With immense clarity, Christ shows us the lens of love time and time again in His word. So then, what keeps us from seeing those Christ has placed along our path?
In Latin, the word clarity was defined as something that was clear, easy to see or hear. As the root carried over into Middle English, it became defined as glory or divine splendor. In His meeting with the woman at the well and all throughout His ministry, Jesus embodied this clear, divine love that led people to see the glory of God. As carriers of His love now, it is our high calling to share the gospel as Christ first did—through a lens of love that sees the unseen and stays beside them faithfully until they can also see.
Mother Teresa once said that her greatest desire was that others would not see her, but that through her they would see the face of Christ. On the brothel-lit streets of San Jose, this is the way that Pris came to see the face of Christ. Not by coffee or cookies, but through the lens of God’s love and grace extended to us so that we could also see.
Most days my schedule runs full from the glow of sunrise to well past the steady settling of sunset. My days are full of laundry, dishes, cooking, and bathing children and floors. Full of work. Holy work, as it may be, can quickly become our distraction from loving well. Service without love is a resounding gong, but with the lens of love, service has the power to shift eyes and lives to God.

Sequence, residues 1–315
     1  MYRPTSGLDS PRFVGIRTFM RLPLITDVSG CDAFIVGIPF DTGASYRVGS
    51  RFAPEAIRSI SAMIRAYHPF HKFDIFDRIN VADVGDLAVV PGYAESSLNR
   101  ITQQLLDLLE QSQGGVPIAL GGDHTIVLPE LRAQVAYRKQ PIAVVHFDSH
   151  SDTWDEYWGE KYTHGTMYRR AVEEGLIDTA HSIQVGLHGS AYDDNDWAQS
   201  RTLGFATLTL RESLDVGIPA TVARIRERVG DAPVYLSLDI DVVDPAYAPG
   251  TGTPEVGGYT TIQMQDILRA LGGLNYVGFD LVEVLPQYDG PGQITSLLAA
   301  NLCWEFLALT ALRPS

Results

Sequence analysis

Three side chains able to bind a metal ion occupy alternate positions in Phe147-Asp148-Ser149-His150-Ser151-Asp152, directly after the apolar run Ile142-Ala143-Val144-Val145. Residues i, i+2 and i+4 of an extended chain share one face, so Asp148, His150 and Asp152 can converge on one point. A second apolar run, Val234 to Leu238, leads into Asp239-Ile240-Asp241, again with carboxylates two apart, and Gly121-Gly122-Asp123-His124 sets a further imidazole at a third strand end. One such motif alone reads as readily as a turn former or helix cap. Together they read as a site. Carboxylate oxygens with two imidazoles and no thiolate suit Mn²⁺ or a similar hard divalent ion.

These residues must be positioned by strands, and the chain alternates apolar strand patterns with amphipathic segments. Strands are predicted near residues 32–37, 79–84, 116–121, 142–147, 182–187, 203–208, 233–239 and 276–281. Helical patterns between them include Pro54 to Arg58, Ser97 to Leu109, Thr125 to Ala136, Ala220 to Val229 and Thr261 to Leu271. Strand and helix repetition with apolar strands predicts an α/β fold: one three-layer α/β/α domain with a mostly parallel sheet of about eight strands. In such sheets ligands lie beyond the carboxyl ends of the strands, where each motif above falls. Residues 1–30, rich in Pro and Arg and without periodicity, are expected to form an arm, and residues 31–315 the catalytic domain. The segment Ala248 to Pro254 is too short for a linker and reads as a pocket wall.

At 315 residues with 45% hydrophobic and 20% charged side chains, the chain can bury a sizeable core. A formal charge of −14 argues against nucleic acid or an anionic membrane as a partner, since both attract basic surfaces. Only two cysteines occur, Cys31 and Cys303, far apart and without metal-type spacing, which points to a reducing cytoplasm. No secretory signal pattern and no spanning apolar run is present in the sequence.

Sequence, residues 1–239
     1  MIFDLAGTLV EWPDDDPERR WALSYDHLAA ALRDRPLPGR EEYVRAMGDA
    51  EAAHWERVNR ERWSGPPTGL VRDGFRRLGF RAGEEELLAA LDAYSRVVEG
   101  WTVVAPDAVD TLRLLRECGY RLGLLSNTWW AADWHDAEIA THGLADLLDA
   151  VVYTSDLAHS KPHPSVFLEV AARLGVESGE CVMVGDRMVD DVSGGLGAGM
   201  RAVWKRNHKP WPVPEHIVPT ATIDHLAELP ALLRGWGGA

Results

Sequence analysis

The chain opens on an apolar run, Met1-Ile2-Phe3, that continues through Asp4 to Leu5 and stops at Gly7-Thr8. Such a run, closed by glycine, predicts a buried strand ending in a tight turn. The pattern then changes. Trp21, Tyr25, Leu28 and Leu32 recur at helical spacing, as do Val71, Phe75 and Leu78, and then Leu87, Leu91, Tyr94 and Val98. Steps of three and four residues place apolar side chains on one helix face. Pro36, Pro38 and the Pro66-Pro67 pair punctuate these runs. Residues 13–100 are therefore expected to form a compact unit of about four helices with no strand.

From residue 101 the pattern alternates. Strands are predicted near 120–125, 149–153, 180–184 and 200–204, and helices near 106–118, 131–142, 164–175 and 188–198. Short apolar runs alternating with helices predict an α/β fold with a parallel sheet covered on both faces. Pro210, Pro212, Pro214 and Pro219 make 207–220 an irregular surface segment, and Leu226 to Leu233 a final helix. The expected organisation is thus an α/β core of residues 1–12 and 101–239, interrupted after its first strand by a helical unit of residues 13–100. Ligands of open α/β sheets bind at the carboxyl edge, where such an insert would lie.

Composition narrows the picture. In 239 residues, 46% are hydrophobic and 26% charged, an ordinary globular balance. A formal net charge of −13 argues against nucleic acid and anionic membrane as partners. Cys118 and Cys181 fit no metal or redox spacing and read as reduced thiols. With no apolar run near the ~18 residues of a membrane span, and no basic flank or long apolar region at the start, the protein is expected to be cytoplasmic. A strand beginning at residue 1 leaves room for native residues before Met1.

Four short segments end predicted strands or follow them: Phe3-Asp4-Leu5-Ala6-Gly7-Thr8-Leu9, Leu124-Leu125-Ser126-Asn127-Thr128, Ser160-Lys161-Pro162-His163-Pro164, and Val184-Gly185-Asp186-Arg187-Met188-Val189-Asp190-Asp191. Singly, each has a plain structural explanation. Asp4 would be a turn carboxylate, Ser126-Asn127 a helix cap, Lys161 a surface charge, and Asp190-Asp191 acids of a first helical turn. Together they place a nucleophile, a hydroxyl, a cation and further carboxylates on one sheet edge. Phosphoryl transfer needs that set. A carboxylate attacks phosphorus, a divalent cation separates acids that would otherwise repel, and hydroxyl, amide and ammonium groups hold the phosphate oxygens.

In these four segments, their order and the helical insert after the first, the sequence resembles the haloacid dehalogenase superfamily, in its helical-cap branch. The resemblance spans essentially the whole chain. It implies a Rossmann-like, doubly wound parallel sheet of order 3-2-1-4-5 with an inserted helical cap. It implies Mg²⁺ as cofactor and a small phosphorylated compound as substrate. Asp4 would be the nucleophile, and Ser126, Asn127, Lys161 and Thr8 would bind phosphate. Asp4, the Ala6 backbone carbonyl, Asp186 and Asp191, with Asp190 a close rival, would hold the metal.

Perhaps the person Christ has called you to pursue is right in your own home. The harvest is growing from the dining room table you set. If so, continue the good work with which you have been entrusted, remembering that the way in which you tend the smallest acts of service is the way those watching in your own four walls will grow to see the Gospel.
Perhaps the one Christ has called you to is beyond your walls, a step past where you imagined and a step farther than you feel you know. Perhaps your harvest is during mid-day heat with a woman whose circumstances you’ve prejudged as unrelatable to your own. Then, sister, remember that Christ made much of the least of us. In all His splendor, He sought out the most broken and He shared in the humanity of their thirst.